"The past is never fully gone. It is absorbed into the present and the future. It stays to shape what we are and what we do."
Sir William Deane, Governor-General of Australia, Inaugural Vincent Lingiari Memorial Lecture, August 1996.

Nug Nug Chinook

Bernie Evans (bio)

This article is based upon a conversation between Bernie and Richard Rawson in August 2018, and it is likely that it describes the first ever use of such a large helicopter in a wildfire control operation.

On the 17 February 1983, at the same time as the State was in terrible strife from the fires of 16 February (Ash Wednesday), a fire started in what was then the FCV District of Myrtleford, where Bernie Evans was the District Forester and, the way things worked at that time, he was also by right the "fire boss".

Alan H White

VSF Lecturer, 1959-1961

"It will be evident from the above egocentric saga that my time at the VSF was, in many ways, pivotal in a serendipitous and opportunistic career. It was a unique experience, worthwhile in so many ways, in a unique place."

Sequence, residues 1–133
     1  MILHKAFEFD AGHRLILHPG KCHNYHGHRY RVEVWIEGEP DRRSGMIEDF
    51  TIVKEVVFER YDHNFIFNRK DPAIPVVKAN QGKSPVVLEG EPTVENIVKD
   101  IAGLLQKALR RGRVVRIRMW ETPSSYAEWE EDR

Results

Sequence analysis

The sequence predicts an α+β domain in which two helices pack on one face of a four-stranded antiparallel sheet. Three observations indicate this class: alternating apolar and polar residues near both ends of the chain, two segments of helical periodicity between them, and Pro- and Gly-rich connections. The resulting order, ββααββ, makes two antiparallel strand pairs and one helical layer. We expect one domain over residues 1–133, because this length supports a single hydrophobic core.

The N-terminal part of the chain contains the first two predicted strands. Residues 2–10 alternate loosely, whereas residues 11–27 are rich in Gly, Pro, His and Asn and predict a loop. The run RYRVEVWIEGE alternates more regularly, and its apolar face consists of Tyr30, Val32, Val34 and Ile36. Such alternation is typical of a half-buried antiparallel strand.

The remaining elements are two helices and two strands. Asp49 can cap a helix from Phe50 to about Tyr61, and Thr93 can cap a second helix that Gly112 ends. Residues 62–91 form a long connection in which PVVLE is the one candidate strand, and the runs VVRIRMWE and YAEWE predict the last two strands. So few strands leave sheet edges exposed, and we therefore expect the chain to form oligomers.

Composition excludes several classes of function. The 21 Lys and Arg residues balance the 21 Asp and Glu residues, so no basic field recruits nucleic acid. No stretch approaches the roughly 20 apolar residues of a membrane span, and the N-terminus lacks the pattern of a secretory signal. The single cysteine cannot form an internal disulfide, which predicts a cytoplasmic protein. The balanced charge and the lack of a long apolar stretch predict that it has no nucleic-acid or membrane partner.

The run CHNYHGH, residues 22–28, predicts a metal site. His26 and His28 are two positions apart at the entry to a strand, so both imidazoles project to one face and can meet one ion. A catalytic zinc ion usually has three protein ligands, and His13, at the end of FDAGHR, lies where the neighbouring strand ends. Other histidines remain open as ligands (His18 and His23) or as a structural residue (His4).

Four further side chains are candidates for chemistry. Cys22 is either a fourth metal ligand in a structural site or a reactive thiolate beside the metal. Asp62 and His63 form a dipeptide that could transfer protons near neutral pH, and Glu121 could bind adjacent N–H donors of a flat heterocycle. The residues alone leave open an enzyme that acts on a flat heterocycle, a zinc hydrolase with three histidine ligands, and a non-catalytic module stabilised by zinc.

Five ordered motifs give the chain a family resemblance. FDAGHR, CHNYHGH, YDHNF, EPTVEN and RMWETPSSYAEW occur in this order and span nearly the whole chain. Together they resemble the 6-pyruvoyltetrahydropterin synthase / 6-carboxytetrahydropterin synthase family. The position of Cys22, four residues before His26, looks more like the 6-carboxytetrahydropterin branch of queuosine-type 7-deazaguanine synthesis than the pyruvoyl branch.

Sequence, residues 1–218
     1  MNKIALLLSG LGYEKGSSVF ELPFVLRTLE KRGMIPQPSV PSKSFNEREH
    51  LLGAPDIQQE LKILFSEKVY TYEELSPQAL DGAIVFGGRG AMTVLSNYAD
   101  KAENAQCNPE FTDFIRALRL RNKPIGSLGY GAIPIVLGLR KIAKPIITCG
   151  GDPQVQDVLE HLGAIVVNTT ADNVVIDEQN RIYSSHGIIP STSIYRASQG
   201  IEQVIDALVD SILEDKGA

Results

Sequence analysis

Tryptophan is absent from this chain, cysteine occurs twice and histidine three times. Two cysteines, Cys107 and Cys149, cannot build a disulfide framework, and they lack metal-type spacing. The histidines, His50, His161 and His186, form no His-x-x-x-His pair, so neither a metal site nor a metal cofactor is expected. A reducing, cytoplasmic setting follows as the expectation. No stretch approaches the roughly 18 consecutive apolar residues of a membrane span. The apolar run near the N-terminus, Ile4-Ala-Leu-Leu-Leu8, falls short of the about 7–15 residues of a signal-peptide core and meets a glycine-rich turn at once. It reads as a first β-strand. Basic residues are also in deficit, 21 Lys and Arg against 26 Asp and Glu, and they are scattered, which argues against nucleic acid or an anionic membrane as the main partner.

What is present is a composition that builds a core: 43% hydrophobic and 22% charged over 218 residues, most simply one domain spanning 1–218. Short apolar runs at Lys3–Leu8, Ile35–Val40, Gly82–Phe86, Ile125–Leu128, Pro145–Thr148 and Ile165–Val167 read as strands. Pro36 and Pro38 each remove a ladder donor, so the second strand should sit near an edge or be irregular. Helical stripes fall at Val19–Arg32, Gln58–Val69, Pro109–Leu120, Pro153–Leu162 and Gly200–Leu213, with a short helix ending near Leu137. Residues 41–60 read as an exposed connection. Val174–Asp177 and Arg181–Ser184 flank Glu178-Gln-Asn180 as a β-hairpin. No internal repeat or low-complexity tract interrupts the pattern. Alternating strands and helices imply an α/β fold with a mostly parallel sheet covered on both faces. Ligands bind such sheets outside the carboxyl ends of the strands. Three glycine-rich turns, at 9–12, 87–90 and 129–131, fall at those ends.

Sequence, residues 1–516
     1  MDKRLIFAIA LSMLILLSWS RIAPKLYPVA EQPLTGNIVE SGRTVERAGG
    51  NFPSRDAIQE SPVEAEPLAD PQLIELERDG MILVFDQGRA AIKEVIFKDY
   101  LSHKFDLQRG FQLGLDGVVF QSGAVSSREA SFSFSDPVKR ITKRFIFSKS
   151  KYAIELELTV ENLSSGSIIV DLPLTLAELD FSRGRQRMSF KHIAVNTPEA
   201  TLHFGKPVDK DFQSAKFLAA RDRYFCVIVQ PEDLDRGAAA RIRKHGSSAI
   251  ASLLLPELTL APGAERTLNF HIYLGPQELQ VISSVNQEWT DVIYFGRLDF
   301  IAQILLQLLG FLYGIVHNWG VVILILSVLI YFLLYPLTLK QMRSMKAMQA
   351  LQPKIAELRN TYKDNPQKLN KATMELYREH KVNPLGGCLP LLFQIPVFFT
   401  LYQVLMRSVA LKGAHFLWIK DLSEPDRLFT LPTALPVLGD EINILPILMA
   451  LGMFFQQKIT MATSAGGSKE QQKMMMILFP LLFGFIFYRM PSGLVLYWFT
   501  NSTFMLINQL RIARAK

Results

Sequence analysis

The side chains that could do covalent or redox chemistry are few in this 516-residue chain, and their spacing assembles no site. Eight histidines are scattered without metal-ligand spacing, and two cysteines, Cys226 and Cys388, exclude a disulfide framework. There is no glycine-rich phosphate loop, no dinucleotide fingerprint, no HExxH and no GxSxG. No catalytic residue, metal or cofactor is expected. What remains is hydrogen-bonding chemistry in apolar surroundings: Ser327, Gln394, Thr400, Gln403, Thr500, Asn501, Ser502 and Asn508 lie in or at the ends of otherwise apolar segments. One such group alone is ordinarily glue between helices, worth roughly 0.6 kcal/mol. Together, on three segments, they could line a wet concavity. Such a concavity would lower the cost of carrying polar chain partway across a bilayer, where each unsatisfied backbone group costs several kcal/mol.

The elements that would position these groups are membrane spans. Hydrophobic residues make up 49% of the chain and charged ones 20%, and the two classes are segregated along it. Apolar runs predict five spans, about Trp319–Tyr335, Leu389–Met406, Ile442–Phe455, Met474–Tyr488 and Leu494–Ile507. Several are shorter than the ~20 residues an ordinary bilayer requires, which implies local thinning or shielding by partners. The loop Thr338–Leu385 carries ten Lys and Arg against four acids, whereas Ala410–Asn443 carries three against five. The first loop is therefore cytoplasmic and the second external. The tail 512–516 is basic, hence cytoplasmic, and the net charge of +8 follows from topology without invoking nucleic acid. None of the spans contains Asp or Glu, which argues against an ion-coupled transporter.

Alan forwarded this paper to the FCRPA some time ago.

Bert Semmens

The Article

Bert Semmens’ detailed reflections on his career, the people he worked with and the working and living conditions mirror what many VSF graduates of his era experienced. His employment with the Forests Commission from his graduation from the VSF in 1936 to his retirement in 1977 covered many of the social and industrial activities of the Commission and displayed Bert’s innovativeness to addressing the many problems he encountered. The nine chapters set out the various stages in Bert’s career. They are edited from a paper he gave to the FCRPA in 2013.

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Gerry Griffin

Gerald (Gerry) Griffin entered the VSF Creswick in 1942. His first posting with the Commission, in 1945, was to the Assessment Branch; then to the Bruthen District followed by the Corryong Sub-district of the Upper Murray Forest District. 

Bjarne Dahl

Mike Leonard (bio)

As set out elsewhere on this website, the early 20th century was a challenging time for Victoria’s newly established, foundational Forest Service. Responsible for around a third of the State, an area in the main remote and poorly, at best, mapped, and one dominated by plants and animals that were only just beginning to be studied, relevant skills were often thin on the ground.